To do so, we’d want to know how large a mouthful of a drink or a baked good is, and then calculate how much sugar that mouthful contains. Starbucks does not include this level of detail in their nutrition facts, so I had to do some field research. When drinking, I found that I swallowed about 1 fluid ounce (31.6 g. – about 2 tablespoons) at a time. Each mouthful of the average Starbucks drink would therefore contain about 2.1 g. of sugar. It’s harder to estimate how large my mouthfuls of baked goods are, because their densities vary a lot – a mouthful of a fudgy brownie probably weighs more than a mouthful of a fluffy muffin, for example. So, I measured my average mouthful sizes across a few baked goods of different densities: scones, muffins, cookies, and brownies. Averaging across these, I found that the typical bite weighed around 7 grams.

That means that each mouthful of the average Starbucks baked good contains …2.1 grams of sugar (sd = 0.65). This was not what I expected! My methodology was definitely imprecise. But it at least suggests that, mouthful for mouthful, we’re consuming roughly the same amount of sugar whether we’re enjoying a drink or a pastry.

Sugar per mouthful of coffee drinks and pastries from Starbucks. Assuming that a mouthful of liquid is ~31.6 grams and a mouthful of baked good is ~7 grams. Mouthful sizes are approximate and based on my own “field research.”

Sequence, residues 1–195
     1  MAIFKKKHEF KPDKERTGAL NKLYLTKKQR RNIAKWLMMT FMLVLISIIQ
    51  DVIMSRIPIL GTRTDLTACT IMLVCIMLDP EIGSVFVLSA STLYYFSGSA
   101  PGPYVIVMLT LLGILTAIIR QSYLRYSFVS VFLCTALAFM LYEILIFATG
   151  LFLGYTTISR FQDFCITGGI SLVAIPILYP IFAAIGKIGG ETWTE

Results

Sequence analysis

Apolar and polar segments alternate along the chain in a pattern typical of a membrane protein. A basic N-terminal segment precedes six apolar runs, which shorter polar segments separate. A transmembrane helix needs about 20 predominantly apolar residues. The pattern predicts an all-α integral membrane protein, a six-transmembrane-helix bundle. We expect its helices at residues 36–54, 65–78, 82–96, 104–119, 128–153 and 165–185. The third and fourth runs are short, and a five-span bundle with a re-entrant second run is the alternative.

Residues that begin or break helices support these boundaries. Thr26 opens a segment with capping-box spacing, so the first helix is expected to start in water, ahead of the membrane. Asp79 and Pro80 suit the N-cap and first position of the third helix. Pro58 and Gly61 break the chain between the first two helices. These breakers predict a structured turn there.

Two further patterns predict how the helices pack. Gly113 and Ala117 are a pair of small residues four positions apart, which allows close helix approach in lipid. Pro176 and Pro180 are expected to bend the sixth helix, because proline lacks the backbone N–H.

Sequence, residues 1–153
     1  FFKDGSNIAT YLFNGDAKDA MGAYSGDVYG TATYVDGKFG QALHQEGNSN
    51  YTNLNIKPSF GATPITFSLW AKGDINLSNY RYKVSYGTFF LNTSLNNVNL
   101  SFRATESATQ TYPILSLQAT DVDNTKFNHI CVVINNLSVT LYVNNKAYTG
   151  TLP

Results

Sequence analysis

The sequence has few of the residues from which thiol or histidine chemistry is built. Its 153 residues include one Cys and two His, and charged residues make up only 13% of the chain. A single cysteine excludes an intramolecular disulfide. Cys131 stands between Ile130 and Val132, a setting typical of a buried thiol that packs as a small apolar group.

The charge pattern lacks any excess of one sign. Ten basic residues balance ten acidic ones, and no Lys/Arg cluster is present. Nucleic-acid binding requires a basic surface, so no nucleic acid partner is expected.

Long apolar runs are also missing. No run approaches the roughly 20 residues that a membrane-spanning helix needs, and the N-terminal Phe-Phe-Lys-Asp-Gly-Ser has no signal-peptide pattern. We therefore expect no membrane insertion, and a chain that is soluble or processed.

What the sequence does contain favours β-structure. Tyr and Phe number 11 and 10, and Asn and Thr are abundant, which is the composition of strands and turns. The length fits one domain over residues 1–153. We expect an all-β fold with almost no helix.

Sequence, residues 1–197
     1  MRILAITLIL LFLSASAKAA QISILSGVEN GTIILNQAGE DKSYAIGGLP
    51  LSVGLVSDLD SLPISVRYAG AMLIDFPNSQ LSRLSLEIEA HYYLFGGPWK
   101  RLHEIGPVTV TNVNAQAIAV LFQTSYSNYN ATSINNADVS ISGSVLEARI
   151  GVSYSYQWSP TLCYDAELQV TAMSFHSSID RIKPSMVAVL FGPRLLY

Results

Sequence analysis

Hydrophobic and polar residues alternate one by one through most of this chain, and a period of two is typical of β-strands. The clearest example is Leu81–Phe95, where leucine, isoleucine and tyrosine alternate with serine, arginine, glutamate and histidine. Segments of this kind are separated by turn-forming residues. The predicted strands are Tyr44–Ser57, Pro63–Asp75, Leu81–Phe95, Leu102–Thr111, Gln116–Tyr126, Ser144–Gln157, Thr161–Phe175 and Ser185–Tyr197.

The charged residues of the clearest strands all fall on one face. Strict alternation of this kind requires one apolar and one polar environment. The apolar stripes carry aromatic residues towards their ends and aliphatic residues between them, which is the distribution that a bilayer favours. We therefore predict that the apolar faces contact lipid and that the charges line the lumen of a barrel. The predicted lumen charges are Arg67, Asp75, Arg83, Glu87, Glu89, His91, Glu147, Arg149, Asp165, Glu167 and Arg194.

If these drinks and pastries really do have comparable amounts of sugar in each bite, why do I consistently find my first swig of a chai latte to be sweeter than my first bite of a blueberry muffin?

Perceived sweetness is more than just sugar

I think that much of the answer is that sugar consumption does not equal sweetness perception.

The scientific literature suggests that humans perceive sweetness differently in solids and liquids: in general, experimental participants thought that liquids were sweeter than solid foods3. In addition, the sugar’s distribution throughout the food may matter. One study suggests that a bite with chunks of sweetness seems sweeter than a bite with a homogenous level of sweetness, even when controlling for the overall sugar content of the bites4. Interestingly, this effect could make baked goods taste sweeter than drinks – my bites of a chocolate chip cookie have a fairly heterogenous sugar content, whereas my swallows of a chai latte should be pretty homogenous.

The presence of other flavors also matters. If you’ve ever tried baking brownies without the chocolate, you’ll likely find that the result seems sweeter than the chocolatey version, even though the overall sugar content has likely fallen5. And the literature supports this idea – a small amount of salt seems to heighten sweetness, while sour and bitter flavors dampen it6.

If we take this investigation out of the lab and into the wild, do baked goods have more of these balancing flavors than coffee shop drinks? This is a harder question to answer definitively, because we don’t know Starbucks’ actual recipes. But my intuition is that baked goods do generally contain more balancing flavors. A typical baked good contains salt, fat, fruit, chocolate, spices, and other ingredients to balance out the sugar. Drinks also have some of these – the flavors from tea, coffee, dairy products, spices, and chocolate could all be balancing out a sugary drink as well. Perhaps the key is whether these flavors are used enough to effectively balance out the sugar. In my experience, something like a cardamom latte tends to taste mainly of sugar, with only a faint whisper of cardamom.